By Dr. Rafael Medoff
David S. Wyman Institute for Holocaust Studies
Researchers combing through recently-opened wartime records of the Vatican have discovered that a senior papal adviser, Angelo Dell’Acqua, told Pius XII in 1942 that reports of the slaughter of European Jews were unreliable because Jews “easily exaggerate.” Despite numerous other reports that Pius XII had received, which amply documented the atrocities, he chose to embrace Dell’Acqua’s perspective.
This new evidence dovetails with an episode that emerged from declassified U.S. government files many years ago. Those documents revealed that in January 1943, the American ambassador to the Vatican, Harold Tittman Jr., asked the Pope why his recent Christmas message, in which he mentioned the persecution of innocent people in Europe, did not mention either the Jews or the Nazis.
Tittman reported back to Washington that Pius XII replied “that he ‘feared’ that there was foundation for the atrocity reports of the Allies [about the Jews] but led me to believe that he felt that there had been some exaggeration for purpose of propaganda.”
Some government officials in London and Washington likewise were inclined to doubt reports about Jewish suffering—especially if the reports came from Jews. Regarding German atrocities against Jews in occupied Poland in 1940, Reginald Leeper, the chief of the British government’s Political Intelligence Department, wrote to a colleague: “As a general rule Jews are inclined to magnify their persecutions.”
“Sources of information [about anti-Jewish atrocities] are nearly always Jewish whose accounts are only sometimes reliable and not seldom highly colored,” Foreign Office staff member I. L. Henderson insisted. “One notable tendency in Jewish reports on this problem is to exaggerate the numbers of deportations and deaths.” He wrote those words in early 1945, nearly six months after the liberation of the Majdanek death camp.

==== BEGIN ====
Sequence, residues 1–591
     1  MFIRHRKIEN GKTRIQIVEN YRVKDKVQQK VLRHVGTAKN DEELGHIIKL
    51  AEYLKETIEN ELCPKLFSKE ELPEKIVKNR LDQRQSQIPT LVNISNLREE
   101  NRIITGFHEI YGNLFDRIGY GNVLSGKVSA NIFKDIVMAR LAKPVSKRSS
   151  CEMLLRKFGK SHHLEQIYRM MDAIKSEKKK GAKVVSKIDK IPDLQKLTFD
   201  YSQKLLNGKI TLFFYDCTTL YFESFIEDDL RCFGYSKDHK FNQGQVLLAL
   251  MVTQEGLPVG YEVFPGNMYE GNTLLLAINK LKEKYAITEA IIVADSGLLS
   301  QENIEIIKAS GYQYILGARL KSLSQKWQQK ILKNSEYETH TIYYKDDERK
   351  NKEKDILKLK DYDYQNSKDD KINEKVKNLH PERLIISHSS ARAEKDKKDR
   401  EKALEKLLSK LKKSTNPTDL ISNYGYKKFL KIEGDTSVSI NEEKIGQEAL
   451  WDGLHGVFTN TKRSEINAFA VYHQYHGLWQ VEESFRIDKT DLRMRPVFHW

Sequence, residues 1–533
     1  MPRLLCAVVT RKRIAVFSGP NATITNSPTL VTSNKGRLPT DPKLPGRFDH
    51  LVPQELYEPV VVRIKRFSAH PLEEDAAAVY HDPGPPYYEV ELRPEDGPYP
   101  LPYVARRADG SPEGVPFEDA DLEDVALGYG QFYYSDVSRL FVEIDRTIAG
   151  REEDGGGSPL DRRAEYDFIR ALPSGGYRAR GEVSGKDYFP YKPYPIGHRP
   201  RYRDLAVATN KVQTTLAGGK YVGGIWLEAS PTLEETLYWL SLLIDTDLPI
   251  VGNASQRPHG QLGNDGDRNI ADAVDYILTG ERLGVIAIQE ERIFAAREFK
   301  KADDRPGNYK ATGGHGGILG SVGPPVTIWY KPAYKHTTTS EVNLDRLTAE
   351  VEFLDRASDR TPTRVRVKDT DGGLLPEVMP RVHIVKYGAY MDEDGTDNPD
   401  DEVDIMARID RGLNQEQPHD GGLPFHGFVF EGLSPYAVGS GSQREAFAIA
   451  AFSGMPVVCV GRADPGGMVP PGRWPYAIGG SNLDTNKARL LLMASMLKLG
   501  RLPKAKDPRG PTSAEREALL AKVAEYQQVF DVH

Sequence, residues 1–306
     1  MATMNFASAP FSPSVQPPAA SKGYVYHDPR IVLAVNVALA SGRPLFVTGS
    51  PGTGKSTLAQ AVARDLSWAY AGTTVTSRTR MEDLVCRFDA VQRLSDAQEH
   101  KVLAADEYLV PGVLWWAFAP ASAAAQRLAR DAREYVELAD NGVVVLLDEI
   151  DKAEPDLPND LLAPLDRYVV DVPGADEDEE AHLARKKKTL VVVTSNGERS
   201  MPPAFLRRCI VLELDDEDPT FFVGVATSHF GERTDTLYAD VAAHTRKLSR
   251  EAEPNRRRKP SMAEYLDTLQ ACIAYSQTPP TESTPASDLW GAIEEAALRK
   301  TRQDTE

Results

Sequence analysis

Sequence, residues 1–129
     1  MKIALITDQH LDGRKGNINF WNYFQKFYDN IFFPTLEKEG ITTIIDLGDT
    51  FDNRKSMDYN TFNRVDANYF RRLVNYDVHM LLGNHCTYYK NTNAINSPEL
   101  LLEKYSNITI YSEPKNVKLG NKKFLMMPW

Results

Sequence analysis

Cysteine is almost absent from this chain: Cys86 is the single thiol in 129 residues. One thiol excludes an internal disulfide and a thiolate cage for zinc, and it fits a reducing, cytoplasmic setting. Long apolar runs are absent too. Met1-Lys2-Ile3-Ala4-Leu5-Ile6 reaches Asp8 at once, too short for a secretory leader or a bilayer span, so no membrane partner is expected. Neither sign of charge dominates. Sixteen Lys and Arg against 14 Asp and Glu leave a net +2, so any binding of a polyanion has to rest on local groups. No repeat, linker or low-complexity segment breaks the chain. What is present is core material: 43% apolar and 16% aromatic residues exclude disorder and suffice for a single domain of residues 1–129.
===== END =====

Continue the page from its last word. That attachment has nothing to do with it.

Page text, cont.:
A State Department memorandum to the Office of Strategic Services in August 1942, summarizing the latest reports it had received on the Nazis’ plans to annihilate European Jewry, asserted that the information seemed to be nothing more than a “wild rumor inspired by Jewish fears.”
There is no record that President Franklin D. Roosevelt disbelieved the reports concerning the Nazi mass murder. But his characterizations of Jewish suffering sometimes bordered on dismissive.
Consider, for example, Roosevelt’s response in October 1940, when refugee advocate James G. McDonald clashed with Assistant Secretary of State Breckinridge Long, who was in charge of refugee affairs for the State Department and vehemently opposed more immigration. Each of them took their case to the president. Long wrote in his diary afterwards that Roosevelt was “100% in accord with my ideas.” FDR also told Long that when McDonald came to the White House, the president “told him not to ‘pull any sob stuff’ on him” regarding the plight of refugees seeking a haven.
Walter Kirschner, a longtime family friend of the Roosevelts, encountered a somewhat similar attitude when he approached the president regarding the plight of European Jewry, in 1944. According to Kirschner, FDR replied: “I haven’t time to listen to any Jewish wailing.”
Why did Pope Pius XII view reports of anti-Jewish atrocities as “exaggerations”? What prompted President Roosevelt to dismiss “Jewish wailing” and “sob stuff”?
There is no way to know if either man was personally influenced by the centuries-old stereotypes of Jews as incorrigible liars who fabricate claims in order to advance their interests.
However, there can be no doubt there were practical considerations at stake. In the case of the Pope, the “Concordat” which the Vatican signed with Hitler in 1933 pledged that German Catholic clergy would refrain from political activities in exchange for the regime’s non-interference in German Catholic religious life. Despite the Nazis’ many violations of the agreement, Pius XII insisted on keeping his end, even to the point of not raising questions about the mass murder of the Jews.
President Roosevelt, for his part, had a practical consideration of his own. Fully acknowledging the extent of the Jews’ plight and drawing attention to it could have policy implications. Senior State Department official R. Borden Reams candidly noted in a 1942 memo to a colleague that if the administration publicized the mass murder, “the way will then be opened for further pressure from interest groups” for steps such as admitting more refugees to the United States—something FDR and his administration strongly opposed.
In the end, whatever their respective reasons, the Pope and the president both opted to look away from the greatest humanitarian crisis of our time.